The Virtue of Failure

Failures, repeated failures, are finger posts on the road to achievement. One fails forward toward success.- C. S. Lewis

When I was in college, I have this desire to become a great public speaker. My thought was that if I can speak to many people, I will lose all fear to speak to one or two person (I was a real introvert back then).

So on one fateful day, I decided to join a Toastmaster club. I started my first day by volunteering to speak on a random topic for two minutes. 

It was hard, my grammar was bad, I mumbled through my entire speech and I went overtime. In short, it was a failure.

But it was also a good failure, for through that failed 3 minutes impromptu speech, I learned that people won’t suddenly stood up and chanted “Shame! Shame! Shame!” when you delivered a failed speech.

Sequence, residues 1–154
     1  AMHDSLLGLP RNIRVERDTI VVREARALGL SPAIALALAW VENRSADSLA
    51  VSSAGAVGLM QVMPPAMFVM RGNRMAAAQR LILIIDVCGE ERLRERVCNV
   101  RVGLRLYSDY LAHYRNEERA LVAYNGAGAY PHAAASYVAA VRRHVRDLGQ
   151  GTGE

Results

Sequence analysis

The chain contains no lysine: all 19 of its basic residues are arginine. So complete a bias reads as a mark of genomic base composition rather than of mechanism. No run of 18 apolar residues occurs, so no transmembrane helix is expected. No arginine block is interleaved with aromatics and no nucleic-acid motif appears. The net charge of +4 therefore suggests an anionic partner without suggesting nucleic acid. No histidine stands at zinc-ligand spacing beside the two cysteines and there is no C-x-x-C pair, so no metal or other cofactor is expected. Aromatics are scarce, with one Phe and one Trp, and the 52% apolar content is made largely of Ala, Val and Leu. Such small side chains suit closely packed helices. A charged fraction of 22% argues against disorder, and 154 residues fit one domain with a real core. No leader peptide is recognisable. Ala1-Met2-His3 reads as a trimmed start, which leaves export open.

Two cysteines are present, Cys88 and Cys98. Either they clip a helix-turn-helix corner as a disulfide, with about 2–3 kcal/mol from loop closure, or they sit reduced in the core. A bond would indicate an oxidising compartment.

Some laughed, some snided when I returned to my seat, but some actually congratulated me for trying. I even learned some tricks to make a speech better (ie. speak very slowly, you tend to speak faster when under a spotlight).

That session really encouraged me and soon, I find myself joining the Toastmaster Club. That summer, I found myself delivering imperfect speeches after imperfect speeches, until one day, I learned to deliver better speeches.

My social life improved as my confidence increases. And if there are few things I learned during those days, it was these:

  1. As Mark Manson said, I found that “Improvement in anything is based on thousands of tiny failures, and the magnitude of your success is based on how many times you’ve failed at something.”
  2. Life is mostly about not knowing and doing something anyway.
  3. Action is the best antidote against fear and analysis paralysis.

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I'm a happiness blogger who writes about philosophy for living strong, loving unconditionally and laughing more.

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